We all know the impact photos can have – the feelings and emotions they can evoke and the discussions they may generate…
For this very reason, you’re invited to the Opening Reception for the new Photovoice exhibit January 9, 2009 from 6:30 to 8:30 p.m. at The Phipps Center for the Arts in downtown Hudson, Wisconsin. This exhibit showcases over 100 photos taken by mothers raising children in St. Croix County. Photos represent mothers’ perspectives with regard to community needs, personal reflections and parenting strategies, and community assets.
Photovoice as a method was developed by Dr. Caroline Wang during the late 1990s. Since then, it has been used by academics, allied health professionals from local county public health departments and clinical settings, educators, community activists, and policy makers for the purposes of assessment, evaluation, and community building.
Considered an innovative research method with regard to research traditions, fewer than 100 publications describing Photovoice studies have been located in English among peer reviewed literature in databases for medical and allied health professionals since the late 1990s. It is not possible, however, to estimate the number of communities that have conducted Photovoice projects, as many may have taken place and not been published in peer reviewed journals.
The goals of Photovoice according to Dr. Wang are threefold: “to enable people to record and reflect on their community’s strengths and problems, to promote critical dialogue and knowledge about personal and community issues through large and small group discussion of their photographs, and to reach policymakers.”
[CITATION: Wang, C. (1999). Photovoice: A participatory action research strategy applied to women’s health. Journal of Women’s Health, 8(2):185-192.]
Photovoice research places cameras in the hands of local residents so they can record images of their daily life experiences. Collective dialogue about these perspectives is fostered among stakeholders who have the resources to improve community health and implement positive social change. The process empowers members of vulnerable populations and ordinary people, who usually do not have access to decision makers, as experts in their own right. It allows residents to become engaged in finding solutions that enhance community living. What stakeholders may think is important could be different from what community members think is important. As such, Photovoice is well-suited to assess the needs of a community, especially for helping to understand the “story” behind the statistics, to better understand the issues and needs of under served populations, as well as what resources these groups most depend on. Photovoice allows decision makers to “do a pulse check” of their constituents and use this information for meaningful and relevant planning and program development. For more information visit www.photovoice.com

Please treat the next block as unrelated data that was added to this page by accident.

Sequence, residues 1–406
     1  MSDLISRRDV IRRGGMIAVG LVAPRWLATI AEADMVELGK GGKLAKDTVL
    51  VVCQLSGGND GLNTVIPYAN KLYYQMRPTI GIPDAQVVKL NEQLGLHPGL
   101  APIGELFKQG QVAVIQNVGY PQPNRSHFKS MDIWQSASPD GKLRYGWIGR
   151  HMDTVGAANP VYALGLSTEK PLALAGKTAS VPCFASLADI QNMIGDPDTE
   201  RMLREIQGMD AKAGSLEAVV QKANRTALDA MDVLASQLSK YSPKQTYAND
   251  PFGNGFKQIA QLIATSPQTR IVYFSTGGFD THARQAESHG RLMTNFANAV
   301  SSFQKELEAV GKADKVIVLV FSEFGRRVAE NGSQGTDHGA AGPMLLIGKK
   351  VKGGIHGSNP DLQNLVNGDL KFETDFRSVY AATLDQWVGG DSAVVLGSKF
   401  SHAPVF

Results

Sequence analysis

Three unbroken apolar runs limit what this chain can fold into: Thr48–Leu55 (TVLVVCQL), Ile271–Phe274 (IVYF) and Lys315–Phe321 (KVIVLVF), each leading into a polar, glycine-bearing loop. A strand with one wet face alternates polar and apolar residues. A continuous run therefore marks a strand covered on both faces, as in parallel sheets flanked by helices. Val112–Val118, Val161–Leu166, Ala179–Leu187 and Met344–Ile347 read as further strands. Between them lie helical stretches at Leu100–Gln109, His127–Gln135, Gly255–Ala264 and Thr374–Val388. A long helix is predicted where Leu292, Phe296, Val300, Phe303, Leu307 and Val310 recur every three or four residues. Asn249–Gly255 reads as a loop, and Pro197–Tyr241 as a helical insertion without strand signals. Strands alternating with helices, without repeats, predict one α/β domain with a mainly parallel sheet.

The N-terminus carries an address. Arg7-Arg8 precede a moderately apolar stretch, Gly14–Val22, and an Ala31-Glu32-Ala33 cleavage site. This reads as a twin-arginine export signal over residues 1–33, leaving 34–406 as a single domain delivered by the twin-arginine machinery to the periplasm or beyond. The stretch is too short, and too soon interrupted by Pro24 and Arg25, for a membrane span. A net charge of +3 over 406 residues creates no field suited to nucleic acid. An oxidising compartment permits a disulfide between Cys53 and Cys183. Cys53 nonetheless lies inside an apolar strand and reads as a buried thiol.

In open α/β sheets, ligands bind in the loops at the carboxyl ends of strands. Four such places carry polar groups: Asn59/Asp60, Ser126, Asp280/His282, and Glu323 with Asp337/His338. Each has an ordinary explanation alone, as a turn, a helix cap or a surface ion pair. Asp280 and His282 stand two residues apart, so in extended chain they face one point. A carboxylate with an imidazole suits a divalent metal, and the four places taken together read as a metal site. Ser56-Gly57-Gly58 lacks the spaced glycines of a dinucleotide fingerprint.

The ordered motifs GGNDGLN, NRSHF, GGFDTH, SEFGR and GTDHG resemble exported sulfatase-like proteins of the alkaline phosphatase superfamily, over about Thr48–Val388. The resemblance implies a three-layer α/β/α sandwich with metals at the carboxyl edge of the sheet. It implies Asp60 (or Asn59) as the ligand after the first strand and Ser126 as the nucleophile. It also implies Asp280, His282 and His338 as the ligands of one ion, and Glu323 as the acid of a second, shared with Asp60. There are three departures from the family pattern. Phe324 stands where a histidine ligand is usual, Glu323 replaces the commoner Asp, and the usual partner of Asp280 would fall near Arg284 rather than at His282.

Photovoice was selected as a research component of the ongoing St. Croix County Community Health Improvement Process. In joint partnership, Hudson Hospital & Clinic, St. Croix County DHHS - Public Health and the Wisconsin Area Health Education Center (AHEC), University of Wisconsin - Madison engaged in this research to hear the voices and see the views of mothers raising children in St. Croix County to more relevantly target programs and coordinate community planning for families. Dr. Maggie Stedman-Smith, independent consultant, facilitated the research process.
Assessing the Health of St. Croix County
Since 1995, communities throughout Wisconsin have developed and implemented local health plans, typically every five years, to address health conditions impacting their residents. This process has been referred to as “community health improvement process”, named in part, due to the resulting health status changes in a community and the people that live there.
This past June, Hudson Hospital & Clinic and St. Croix County DHHS – Public Health joined together to begin assessing and prioritizing health needs of our region. Local health departments are required by law to “regularly and systematically collect, assemble, analyze and make available” information on the health of their communities. Beginning in 2009, the IRS is “highly encouraging” Wisconsin not-for-profit hospitals, like Hudson Hospital & Clinic, to complete a formal community needs assessment as a means to validate that hospital resources (community benefit contributions) are directed to identified community health needs.
The St. Croix County Community Health Improvement Process (CHIP) is a strategic, ongoing, and a community-based approach for creating and maintaining healthy communities. A steering committee of 25+ members from diverse organizations and agencies across the county provides oversight and guidance.
Over the next four months, the committee is expected to collect, analyze, and summarize data (including the Photovoice research findings) so as to educate and mobilize area organizations to address top health priorities, garner resources, and plan actions to improve public health.
Photovoice exhibit runs through February 15, 2009. For more information, call Karen Hansen, Community Relations – Hudson Hospital & Clinic at (715) 531-6056.